I Review Children's Books: The Little Red Caboose

I Review Children's Books: The Little Red Caboose

Marian Potter’s The Little Red Caboose is a Little Golden Book classic illustrated by Tibor Gergely of The Happy Man and His Dump Truck infamy. The central character is the eponymous Caboose, who spends most of the book sighing wearily over the structural inequalities of train life: he’s the caboose, and thus, always last. He doesn’t object to being last as such; it’s just that children wave to the engine and other cars up front, but apparently even in 1953 children lacked the attention span to remain attentive through the passing of an entire train. Before the caboose can make his appearance, they go back to playing marbles or Pokémon or whatever it is the kids of the generation you want to grumble about are always being distracted by, and the Caboose gets NO LOVE.

Like John Milton in his 1673 sonnet “On His Blindness”, the Caboose questions whether he has anything to offer God/the world when he is relegated to a life of blindness/anonymity and social invisibility. “Doth God exact day labor, light denied,” he asks the woodland creatures that are paying him no attention as he passes them. Milton’s themes, of course, make fantastic source material for preschool age children: when aren’t they being prevented by circumstance from pursuing their passions? Who’s to say that my sixteen-month-old isn’t at this very moment lying in her crib wondering if I’m not allowed to play in the dog’s water dish, what am I even here for?

The sad Caboose gets his answer at the climax of the plot, when the train has attempted to climb a “long tall mountain,” it does not have sufficient engine power to climb. When the train starts to slide back down the mountain, the Caboose performs the heroic act of engaging his brakes. It’s a riveting action sequence. Just kidding, it’s about as riveting as watching someone engage the parking break on a steep driveway—but that’s not the point. The point is that the Caboose puts on the brake and holds the train until a couple more engines (engines that obviously should have been hooked up to the train in the first place; I hope CSX is doing some kind of internal audit on this incident) can show up and push it to the top. Or, as Milton put it in the original:
 

Thousands at his bidding speed
And post o'er land and ocean without rest:
They also serve who only stand and wait.


This is the moment Potter’s version derails (sorry/not sorry). After teasing the surprising and delightful idea that simple existence in whatever state one finds oneself is laudable, the story ends with the Caboose raised to mythic level, and children the world over saving “their biggest waves” for the Caboose because the Caboose “saved the train.” First of all, this is preposterous. When was the last time anyone told their kids a story about a train wreck that didn’t happen? (NB: me, last night, when I read this book to my kid). I'm trying to imagine someone actually telling their child “There was almost a train wreck! but the Caboose had functional brakes, so there was not a train wreck!” and the child feeling anything at all, other than maybe disappointment that they missed the jolly smash that might have resulted were the brakes less functional. Second, because the Caboose is so focused on praise and adulation, the lesson becomes “do things that will make people rally and cheer for you” rather than “be what you are, what you are is enough.” You know who embraces the former lesson? Donald Trump.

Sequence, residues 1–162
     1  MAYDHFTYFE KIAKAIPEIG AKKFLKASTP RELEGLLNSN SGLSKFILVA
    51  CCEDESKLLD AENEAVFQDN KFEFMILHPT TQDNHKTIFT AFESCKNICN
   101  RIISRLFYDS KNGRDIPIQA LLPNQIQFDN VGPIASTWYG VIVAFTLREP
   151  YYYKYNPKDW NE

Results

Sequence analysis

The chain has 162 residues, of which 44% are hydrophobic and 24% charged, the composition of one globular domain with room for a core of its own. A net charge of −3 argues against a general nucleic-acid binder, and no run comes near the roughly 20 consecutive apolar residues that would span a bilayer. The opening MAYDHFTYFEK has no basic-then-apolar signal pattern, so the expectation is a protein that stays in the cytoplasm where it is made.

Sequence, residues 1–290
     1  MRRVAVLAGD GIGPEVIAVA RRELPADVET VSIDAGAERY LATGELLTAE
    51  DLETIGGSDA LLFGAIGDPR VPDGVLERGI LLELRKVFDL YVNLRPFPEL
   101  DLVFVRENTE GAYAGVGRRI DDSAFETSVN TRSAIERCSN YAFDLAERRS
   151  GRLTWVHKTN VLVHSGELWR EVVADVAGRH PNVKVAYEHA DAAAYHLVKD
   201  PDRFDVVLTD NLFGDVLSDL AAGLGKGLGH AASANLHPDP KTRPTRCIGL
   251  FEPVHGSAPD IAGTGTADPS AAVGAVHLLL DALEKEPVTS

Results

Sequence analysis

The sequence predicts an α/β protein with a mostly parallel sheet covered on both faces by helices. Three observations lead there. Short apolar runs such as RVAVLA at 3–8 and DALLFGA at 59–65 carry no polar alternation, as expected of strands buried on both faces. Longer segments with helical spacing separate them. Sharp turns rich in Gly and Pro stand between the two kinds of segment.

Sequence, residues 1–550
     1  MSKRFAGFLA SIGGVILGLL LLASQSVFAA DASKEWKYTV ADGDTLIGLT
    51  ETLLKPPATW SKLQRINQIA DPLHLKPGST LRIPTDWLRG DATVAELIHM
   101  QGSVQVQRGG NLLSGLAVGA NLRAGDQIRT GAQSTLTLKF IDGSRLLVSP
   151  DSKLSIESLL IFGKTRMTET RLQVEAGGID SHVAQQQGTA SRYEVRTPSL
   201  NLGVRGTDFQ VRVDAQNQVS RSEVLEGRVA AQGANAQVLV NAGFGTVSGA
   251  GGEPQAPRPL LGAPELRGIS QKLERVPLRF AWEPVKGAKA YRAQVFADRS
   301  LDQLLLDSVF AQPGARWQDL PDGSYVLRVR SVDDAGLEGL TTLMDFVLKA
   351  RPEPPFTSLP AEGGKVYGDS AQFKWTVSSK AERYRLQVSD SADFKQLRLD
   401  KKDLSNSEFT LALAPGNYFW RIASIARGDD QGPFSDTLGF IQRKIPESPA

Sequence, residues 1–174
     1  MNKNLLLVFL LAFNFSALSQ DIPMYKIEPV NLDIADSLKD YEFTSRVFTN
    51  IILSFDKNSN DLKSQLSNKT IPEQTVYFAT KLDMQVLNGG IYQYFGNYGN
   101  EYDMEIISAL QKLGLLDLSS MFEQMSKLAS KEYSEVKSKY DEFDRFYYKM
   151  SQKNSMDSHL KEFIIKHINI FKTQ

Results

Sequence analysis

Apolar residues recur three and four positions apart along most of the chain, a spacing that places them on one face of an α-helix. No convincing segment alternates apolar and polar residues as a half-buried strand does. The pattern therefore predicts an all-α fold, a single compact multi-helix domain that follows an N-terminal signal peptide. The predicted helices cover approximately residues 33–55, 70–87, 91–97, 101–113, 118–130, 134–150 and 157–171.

Also, we have to talk about one more thing. The Little Red Caboose was published in 1953. Most of Gergely’s illustrations are just fantastic tapestries of animals and people in varied and lively landscapes, their range of activities and energy both delightful to explore with a toddler and effective at creating contrast with the ignored Caboose. We love to look at the rowboats and the swimmers and the horse carriages and the foxes and the mountain climbers and MOST OF ALL the LOGGERS. But there’s this one page that depicts “Indians” that . . . would not be included in a book published in 2016. Or so one hopes. Admittedly, it’s the only page that depicts people who aren’t white/European looking, but any welcome diversity is undermined by the depiction of tepees, war bonnets, papooses, and other deeply stereotypical trappings of Hollywood Indians.

(And also horse punching?)

(And also horse punching?)

I mean, imagine if this page were replaced with one that showed the train passing the encampment at Standing Rock! Imagine if the ending were revised and the Caboose were to not only embrace his ability to put on the brakes, but to find satisfaction in having been what he is, rather than in finally receiving acclaim! But look, you and I both know that Random House isn’t going to issue an updated version of The Little Red Caboose, so, sure, if you find a copy of The Little Red Caboose at a garage sale, (like my aunt did) buy it if you want to take the time to talk about this page with your kid. But keep in mind that you could also just read your kid some Milton instead and buy her a couple books from the AICL list of recommended books about American Indians.
 

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